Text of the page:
James Daugherty is one of many African American trailblazers in the world of fashion with an incredible talent for both fashion illustration and design.
Daugherty was born in Los Angeles and became interested in fashion at an early age. Though his parents, Pollyanna and James, Sr. did not have much money, his mother’s employers would give her their designer garments they no longer wanted. James and his mother would redesign them to her preferred taste, and he would sketch her, an artistic skill he inherited from his father.
Daugherty attended Chouinard Art Institute, but after graduating could only get a job as a maintenance man at Paramount Pictures. Eventually, he began leaving his sketches in the offices he cleaned, and famed costume designer, Edith Head, took notice. She gave him his first job as a sketch artist, working on films including The Ten Commandments and Funny Girl.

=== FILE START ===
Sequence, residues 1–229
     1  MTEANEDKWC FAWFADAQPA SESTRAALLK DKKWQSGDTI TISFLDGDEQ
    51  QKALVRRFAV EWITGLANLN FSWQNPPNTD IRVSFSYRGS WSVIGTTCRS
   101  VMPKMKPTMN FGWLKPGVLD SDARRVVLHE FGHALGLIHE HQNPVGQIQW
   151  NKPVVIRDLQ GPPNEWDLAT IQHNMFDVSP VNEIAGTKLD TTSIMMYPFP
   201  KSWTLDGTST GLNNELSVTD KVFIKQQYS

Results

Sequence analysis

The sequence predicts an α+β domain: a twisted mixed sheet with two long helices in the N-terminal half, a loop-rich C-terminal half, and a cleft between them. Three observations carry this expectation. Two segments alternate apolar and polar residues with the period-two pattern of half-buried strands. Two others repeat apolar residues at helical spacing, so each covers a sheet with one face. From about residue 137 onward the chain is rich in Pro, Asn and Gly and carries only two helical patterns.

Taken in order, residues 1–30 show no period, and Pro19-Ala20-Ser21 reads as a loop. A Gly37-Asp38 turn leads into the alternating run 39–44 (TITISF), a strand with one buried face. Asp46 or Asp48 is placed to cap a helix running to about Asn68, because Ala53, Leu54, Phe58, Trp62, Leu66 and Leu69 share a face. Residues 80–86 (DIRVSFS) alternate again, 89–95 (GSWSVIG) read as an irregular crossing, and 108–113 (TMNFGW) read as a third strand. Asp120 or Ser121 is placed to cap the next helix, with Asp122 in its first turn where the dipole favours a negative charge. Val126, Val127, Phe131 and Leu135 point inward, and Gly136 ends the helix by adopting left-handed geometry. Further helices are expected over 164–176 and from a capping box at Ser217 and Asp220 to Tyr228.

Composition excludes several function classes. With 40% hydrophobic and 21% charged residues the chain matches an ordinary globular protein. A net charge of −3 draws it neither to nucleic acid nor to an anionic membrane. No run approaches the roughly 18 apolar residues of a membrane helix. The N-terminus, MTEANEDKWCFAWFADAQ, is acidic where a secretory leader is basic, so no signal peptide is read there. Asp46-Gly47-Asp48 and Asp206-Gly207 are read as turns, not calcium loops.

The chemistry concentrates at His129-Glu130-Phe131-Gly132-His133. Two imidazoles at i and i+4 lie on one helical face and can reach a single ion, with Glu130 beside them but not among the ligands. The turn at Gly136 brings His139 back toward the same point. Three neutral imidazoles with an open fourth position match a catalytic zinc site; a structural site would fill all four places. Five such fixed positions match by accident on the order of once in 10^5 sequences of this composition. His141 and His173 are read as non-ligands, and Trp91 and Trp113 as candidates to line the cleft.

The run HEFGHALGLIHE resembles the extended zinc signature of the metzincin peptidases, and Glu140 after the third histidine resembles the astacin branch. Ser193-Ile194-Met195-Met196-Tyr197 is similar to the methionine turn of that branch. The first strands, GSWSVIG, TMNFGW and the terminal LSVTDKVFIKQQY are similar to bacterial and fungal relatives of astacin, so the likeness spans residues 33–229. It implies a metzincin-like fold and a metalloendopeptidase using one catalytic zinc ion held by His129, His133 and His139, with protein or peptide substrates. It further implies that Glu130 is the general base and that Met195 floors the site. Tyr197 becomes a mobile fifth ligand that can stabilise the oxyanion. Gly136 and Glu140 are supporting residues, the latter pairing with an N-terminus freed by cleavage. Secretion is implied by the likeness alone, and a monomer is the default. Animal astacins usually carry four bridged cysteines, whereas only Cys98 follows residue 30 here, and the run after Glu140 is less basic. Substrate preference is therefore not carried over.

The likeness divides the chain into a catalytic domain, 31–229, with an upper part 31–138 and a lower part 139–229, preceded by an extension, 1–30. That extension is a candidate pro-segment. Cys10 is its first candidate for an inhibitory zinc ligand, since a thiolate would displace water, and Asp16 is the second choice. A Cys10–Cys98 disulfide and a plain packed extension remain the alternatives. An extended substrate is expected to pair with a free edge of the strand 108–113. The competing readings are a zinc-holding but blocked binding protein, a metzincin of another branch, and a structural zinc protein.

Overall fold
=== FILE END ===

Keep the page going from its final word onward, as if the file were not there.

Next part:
He also worked on several of Joan Crawford’s movies including Female on the Beach and Queen Bee with costume designers Sheila O’Brian and Jean Louis, with interior designer Tony Duquette on costumes for the film Kismet, and sketched for Rita Hayworth. Unfortunately, once Hollywood began using ready-to-wear for their films in the 60′s, his services were no longer needed.
Daugherty traveled to the East coast to pursue his passion for fashion. He worked as a sketch artist for fashion heavyweights such as Bill Blass, Anne Klein, and Liz Claiborne and as a designer for Jerry Silverman before finally establishing his own line in 1974.
In 2003, Daugherty began teaching at the Fashion Institute of Technology in New York City and remained an adjunct professor there until his death in 2013. If you are ever able to find and view more of Daugherty’s phenomenal work, you will definitely be inspired. (One of his jumpsuits is currently on view at the Museum at FIT’s “Black Fashion Designers” exhibit.)
Did you know that James Daugherty worked on costumes for one of my favorite sitcoms, I Love Lucy. He said, “We had to design things that framed the face. That’s why today I like sketching faces. The face comes first.”